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I went to a land-grant university, a rural school that students at the rival institution dismissed as a cow college, though I was a junior before I ever saw a single cow there. For someone who had spent her childhood almost entirely outdoors, my college life was unacceptably enclosed. Every day I followed the same brick path from crowded dorm to crowded class to crowded office to rowded cafeteria, and then back to the dorm again. A gentler terrain of fields and ponds and piney woods existed less than a mile from the liberal arts high-rise, but I had no time for idle exploring, for poking about in the scaled-down universe where forestry and agriculture students learned their trade.
One afternoon late in the fall of my junior year, I broke. I had stopped at the cafeteria to grab a sandwich before the dinner crowd hit, hoping for a few minutes of quiet in which to read my literature assignment, the poems of Gerard Manley Hopkins, before my evening shift at the dorm desk. But even with few students present, there was nothing resembling quiet in that cavernous room. The loudspeaker blasted John Cougar’s ditty about Jack and Diane, and I pressed my fingers into my ears and hunched low over my book. The sound of my own urgent blood thumping through my veins quarreled with the magnificent sprung rhythm of the poem as thoroughly as Jack and Diane did, and I finally snapped the book closed. My heart was still pounding as I stepped into the dorm lobby, ditched my pack, and started walking. I was headed out.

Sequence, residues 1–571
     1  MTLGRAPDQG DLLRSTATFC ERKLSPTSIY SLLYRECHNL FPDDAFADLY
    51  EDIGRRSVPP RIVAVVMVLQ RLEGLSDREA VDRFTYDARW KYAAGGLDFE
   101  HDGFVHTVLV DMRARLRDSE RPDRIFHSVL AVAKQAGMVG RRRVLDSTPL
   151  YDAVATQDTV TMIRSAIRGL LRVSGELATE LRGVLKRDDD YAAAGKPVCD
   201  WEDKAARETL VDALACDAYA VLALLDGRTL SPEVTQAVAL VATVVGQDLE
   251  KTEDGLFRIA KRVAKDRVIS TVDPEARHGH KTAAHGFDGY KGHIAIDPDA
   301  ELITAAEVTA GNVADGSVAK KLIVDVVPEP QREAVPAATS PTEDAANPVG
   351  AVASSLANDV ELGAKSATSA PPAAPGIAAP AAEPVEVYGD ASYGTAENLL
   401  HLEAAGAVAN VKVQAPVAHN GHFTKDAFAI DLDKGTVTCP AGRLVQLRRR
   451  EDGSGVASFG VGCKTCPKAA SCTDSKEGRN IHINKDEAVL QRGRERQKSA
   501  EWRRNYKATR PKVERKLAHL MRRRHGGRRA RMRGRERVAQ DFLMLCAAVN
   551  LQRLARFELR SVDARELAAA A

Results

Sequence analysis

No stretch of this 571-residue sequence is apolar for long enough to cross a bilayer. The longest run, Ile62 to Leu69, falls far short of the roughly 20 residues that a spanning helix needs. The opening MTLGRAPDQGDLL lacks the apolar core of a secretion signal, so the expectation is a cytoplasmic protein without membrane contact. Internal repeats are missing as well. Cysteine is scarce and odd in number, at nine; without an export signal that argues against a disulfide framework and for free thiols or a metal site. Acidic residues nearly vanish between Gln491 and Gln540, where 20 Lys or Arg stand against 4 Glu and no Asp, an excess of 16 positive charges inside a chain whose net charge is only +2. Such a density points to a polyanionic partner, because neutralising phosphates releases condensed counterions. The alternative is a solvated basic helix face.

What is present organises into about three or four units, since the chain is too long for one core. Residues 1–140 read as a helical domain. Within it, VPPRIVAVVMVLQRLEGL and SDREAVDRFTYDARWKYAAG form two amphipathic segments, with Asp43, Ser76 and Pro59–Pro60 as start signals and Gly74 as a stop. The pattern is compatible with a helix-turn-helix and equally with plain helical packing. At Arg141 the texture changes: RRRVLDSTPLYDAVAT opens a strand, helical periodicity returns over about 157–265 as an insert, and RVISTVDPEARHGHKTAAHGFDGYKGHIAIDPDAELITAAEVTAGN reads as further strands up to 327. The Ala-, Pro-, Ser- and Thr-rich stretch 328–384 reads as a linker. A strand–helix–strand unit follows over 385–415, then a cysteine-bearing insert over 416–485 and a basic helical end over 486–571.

It was a delight to be moving, to feel my body expanding into the larger gestures of the outdoors. What a relief to feel my walk lengthening into a stride and my lungs taking in air by the gulp. I kept walking—past the football stadium, past the sororities—until I came to the red dirt lanes of the agriculture program’s experimental fields. Brindled cows turned their unsurprised faces toward me in pastures dotted with hay bales that looked like giant spools of golden thread. The empty bluebird boxes nailed to the fence posts were shining in the slanted light. A red-tailed hawk—the only kind I could name—glided past, calling into the sky.
I caught my breath and walked on, with a rising sense that glory was all around me. Only at twilight can an ordinary mortal walk in light and dark at once—feet plodding through night, eyes turned up toward bright day. It is a glimpse into eternity, that bewildering notion of endless time, where light and dark exist simultaneously.